Social media can be a positive, uplifting place at times, and then it can be a dark hole at other times. When it comes to body positivity and mental health, social media is often detrimental.
Social media wants us to believe that there is something wrong with how we're shaped and alters how we see ourselves in the mirror. It seems like social media, and the general public, idolizes fit men and trim women all the time.
It's rare to see a thick or heavy set person on the front of a magazine cover. While thin people deserve love and representation, it would be nice for people on the heavier side to be recognized as well. We weren't all created the same in this world, but social media wants you to think that there is something wrong with you if you aren't skinny.
Tik Tok consistently highlights platforms of men and women who fit a certain bodily physique, and this pattern is replicated on Instagram. I am a victim of believing in this specific ideal throughout my teenage years, and into my adulthood. Only now, after a process of healing and self-acceptance, am I now trying to get comfortable with my belly rolls and stretch marks on my thighs.
We fool ourselves into thinking we're not made right if we aren't thin. The journey to loving yourself can be complex and challenging, but that doesn't mean you should give up because of what social media wants you to think. Your mental and physical health matters, and will play a critical role at every stage of your life . At the end of the day, you will always have to have a relationship with yourself. What social media or other people think about you should never influence who you are or how you live your life.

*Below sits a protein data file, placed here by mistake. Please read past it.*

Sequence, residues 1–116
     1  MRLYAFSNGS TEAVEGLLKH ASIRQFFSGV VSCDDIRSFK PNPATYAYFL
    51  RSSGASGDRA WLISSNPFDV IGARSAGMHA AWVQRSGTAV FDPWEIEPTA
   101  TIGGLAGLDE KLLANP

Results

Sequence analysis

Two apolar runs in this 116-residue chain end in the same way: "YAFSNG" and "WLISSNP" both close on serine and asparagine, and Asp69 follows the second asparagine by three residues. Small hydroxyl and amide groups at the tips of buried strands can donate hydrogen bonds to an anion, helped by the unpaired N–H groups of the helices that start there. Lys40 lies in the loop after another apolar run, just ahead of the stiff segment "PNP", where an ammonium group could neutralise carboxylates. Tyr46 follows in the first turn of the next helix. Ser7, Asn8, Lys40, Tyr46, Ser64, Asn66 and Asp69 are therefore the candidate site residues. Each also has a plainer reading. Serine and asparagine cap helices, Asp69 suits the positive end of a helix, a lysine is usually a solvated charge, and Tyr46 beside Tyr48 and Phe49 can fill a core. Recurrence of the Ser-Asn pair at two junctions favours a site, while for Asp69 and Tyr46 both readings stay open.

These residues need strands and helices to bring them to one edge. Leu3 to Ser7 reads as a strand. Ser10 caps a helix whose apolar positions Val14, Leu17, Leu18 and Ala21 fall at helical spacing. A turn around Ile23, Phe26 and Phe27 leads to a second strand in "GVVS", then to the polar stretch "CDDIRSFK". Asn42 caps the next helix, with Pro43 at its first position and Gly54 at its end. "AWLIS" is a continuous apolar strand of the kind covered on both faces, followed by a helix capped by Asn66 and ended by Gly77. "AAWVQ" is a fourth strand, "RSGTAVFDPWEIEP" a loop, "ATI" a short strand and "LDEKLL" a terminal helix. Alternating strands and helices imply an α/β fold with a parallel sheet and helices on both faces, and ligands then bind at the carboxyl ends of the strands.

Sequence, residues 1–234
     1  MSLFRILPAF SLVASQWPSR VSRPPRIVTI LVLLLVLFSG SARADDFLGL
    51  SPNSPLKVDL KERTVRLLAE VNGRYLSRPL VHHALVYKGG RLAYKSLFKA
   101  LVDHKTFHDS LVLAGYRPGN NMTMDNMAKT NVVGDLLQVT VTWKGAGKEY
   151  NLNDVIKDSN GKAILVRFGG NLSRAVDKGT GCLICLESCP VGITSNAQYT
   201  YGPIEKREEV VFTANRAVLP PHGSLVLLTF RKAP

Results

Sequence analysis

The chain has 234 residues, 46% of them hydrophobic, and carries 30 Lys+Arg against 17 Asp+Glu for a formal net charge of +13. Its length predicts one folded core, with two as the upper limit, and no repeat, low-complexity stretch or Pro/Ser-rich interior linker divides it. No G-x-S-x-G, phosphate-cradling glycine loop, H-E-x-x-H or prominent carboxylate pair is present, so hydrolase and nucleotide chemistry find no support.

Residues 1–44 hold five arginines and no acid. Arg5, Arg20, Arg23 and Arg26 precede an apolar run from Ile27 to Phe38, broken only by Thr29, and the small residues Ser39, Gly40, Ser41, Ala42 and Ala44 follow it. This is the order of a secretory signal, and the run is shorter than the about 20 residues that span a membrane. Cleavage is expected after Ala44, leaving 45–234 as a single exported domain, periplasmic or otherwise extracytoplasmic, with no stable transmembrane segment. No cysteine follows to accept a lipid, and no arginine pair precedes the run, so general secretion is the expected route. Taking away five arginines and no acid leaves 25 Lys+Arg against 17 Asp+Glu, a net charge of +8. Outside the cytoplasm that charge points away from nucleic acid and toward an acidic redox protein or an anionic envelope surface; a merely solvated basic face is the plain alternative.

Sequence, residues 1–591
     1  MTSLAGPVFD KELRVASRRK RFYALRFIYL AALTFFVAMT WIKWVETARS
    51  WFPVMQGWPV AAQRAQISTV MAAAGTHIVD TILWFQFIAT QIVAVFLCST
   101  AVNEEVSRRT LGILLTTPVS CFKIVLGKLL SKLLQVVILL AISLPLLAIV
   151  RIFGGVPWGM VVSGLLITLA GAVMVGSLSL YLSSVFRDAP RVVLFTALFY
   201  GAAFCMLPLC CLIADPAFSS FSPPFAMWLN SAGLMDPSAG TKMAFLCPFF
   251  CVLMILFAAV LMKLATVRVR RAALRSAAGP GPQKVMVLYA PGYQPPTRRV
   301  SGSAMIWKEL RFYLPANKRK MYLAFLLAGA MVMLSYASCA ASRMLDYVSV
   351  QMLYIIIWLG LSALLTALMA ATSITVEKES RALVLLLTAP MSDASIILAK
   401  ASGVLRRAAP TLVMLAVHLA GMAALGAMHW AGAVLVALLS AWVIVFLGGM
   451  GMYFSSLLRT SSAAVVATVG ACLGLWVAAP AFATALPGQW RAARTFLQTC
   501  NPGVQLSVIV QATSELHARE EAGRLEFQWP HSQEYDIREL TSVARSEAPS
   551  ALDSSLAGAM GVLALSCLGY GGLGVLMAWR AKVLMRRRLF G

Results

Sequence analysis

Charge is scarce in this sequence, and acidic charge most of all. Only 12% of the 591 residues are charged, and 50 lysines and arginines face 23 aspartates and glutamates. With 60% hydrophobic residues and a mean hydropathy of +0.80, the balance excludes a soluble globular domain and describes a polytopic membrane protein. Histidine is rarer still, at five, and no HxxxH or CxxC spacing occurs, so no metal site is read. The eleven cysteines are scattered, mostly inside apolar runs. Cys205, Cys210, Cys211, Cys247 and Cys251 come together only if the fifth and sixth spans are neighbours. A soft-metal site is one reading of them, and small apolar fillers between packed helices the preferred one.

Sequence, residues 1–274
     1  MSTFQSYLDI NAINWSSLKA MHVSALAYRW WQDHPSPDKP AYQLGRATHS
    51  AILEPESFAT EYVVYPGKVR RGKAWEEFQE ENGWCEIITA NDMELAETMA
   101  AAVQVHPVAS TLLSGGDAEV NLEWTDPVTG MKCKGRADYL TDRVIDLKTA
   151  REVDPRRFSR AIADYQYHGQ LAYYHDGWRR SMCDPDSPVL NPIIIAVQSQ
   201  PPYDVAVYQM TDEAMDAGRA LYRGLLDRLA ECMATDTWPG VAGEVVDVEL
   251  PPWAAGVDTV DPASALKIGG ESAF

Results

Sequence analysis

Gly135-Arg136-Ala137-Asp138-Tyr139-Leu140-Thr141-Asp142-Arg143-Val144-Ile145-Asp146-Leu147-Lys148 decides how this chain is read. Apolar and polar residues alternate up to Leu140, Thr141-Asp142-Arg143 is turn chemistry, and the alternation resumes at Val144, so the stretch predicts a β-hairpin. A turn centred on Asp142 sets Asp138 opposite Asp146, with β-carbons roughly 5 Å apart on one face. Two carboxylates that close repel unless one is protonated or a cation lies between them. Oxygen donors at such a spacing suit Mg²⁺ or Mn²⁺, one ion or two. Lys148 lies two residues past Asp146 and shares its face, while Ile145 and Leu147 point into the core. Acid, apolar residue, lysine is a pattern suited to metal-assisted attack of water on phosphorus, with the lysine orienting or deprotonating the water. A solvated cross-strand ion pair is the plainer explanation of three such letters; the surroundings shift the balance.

Social media has always been a dark place on the web to me. I say that because the internet is notorious for breaking up friendships and relationships because of the content that is posted on it. For instance, if your boyfriend or girlfriend likes a picture of someone else, this can cause tension. Your friend could be posting bad pictures about you or spread rumours online. You have to learn how to properly navigate social media. Fortunately, there are plenty of tricks to help you maintain a positive relationship with the internet.
Here are a few tips that I recommend if you’re struggling with this issue:
1. Sign out and delete your apps for a while
Staying off social media for a couple of days allows you to clear your mind and relax. Give yourself a day, or even a few hours, to reconnect with your surroundings. You can read, write, chill in bed, or even go for a peaceful walk outside.
2. Follow positive social media accounts
Who you follow is how you feel. There are accounts out there that post positive, motivating content that will change your perspective on life, and uplift your spirits throughout the day. You won’t be so annoyed or depressed while scrolling through social media when you see positivity on your feed.
3. Deactivate for thirty days
Guess what: you can deactivate your social media for thirty days, and your account won’t be deleted! I have done this before. It keeps you from being tempted to go check someone’s latest tweet, Instagram post, or Snapchat story, while promoting engagement with the outside world.
4. Turn your phone off
This one is easier said than done. You can turn your phone off for a few hours and find new hobbies to occupy your time. Spend time with family. Hang out with a friend. Go for a ride alone.
Don’t let social media consume your life! You can control your relationship with social media, and avoid these harmful patterns. Follow these steps to rebuild your body positivity! You matter more than what someone says or posts on the internet.
Written by: Audre Arnett